RTS,S To Join Other Vaccines In Treating Malaria
This makes Malawi the first of three countries in Africa in which the RTS, S vaccine will be made available to children up to two years of age, Sun News reports.
RTS,S is a scientific name given to the malaria vaccine and represents its composition; the ‘R’ stands for the central repeat region of Plasmodium (P.) falciparum circumsporozoite protein (CSP); ‘T’ for the T-cell epitopes of the CSP;and the‘S’ for hepatitis B surface antigen(HBsAg).
The other two African countries, Ghana and Kenya, will introduce the vaccine in the coming weeks.
Naija News understands that Malaria is one of the world’s leading killers, claiming lives of children under five years aside from pneumonia and diarrheal disease.
Most of the deaths are in Africa, where over 250 000 children die from the disease every year, according to the World Health Organisation (WHO)
Children under five are at greatest risk of its life-threatening complications. Worldwide, malaria kills 435 000 people a year, most of them children.
On the Malaria Vaccine, WHO says the RTS, S is an innovation milestone of three decades in development
“Thirty years in the making, RTS,S is the first and to date the only, vaccine that has demonstrated it can significantly reduce malaria in children.
“In clinical trials, the vaccine was found to prevent approximately four in 10 malaria cases, including three in 10 cases of life-threatening severe malaria,’’ a WHO statement said.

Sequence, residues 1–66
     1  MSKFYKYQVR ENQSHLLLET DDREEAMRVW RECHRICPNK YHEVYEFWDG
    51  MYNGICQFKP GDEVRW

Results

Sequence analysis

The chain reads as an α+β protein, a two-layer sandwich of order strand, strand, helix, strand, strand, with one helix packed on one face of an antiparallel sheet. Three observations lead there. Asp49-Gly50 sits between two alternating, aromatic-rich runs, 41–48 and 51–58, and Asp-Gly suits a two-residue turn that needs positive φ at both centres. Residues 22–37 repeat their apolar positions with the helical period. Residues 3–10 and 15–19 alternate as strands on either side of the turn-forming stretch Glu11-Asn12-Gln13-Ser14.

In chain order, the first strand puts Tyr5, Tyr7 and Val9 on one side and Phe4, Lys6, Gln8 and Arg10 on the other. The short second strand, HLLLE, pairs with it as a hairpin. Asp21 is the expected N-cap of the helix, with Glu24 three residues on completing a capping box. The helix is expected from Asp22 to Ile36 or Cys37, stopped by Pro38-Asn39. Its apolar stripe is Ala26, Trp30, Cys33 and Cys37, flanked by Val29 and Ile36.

Similarly, Dr Matshidiso Moeti, WHO Regional Director for Africa, said, “Malaria is a constant threat in the African communities where this vaccine will be given.
“ The poorest children suffer the most and are at highest risk of death.
“We know the power of vaccines to prevent killer diseases and reach children, including those who may not have immediate access to the doctors, nurses and health facilities they need to save them when severe illness comes.
“This is a day to celebrate as we begin to learn more about what this tool can do to change the trajectory of malaria through childhood vaccination,” Moeti said.
According to Dr Tedros Adhanom Ghebreyesus, the WHO’s Director-General: “We have seen tremendous gains from bed nets and other measures to control malaria in the last 15 years but progress has stalled and even reversed in some areas.
“We need new solutions to get the malaria response back on track and this vaccine gives us a promising tool to get there.
“The malaria vaccine has the potential to save tens of thousands of children’s lives,’’ Ghebreyesus said.
The News Agency of Nigeria (NAN) reports that the pilot programme is designed to generate evidence and experience to inform WHO policy recommendations on the broader use of the RTS, S malaria vaccine.
It will look at reductions in child deaths, vaccine uptake, including whether parents bring their children on time for the four required doses and vaccine safety in the context of routine use.
The vaccine is a complementary malaria control tool to be added to the core package of WHO-recommended measures for malaria prevention.
These other measures include the routine use of insecticide-treated bed nets, indoor spraying with insecticides and the timely use of malaria testing and treatment.
Financing for the pilot programme was mobilized through collaboration among three key global health funding bodies, including Gavi, the Vaccine Alliance; the Global Fund to Fight AIDS, Tuberculosis and Malaria and United.
Also, WHO, PATH and GSK are providing in-kind contributions.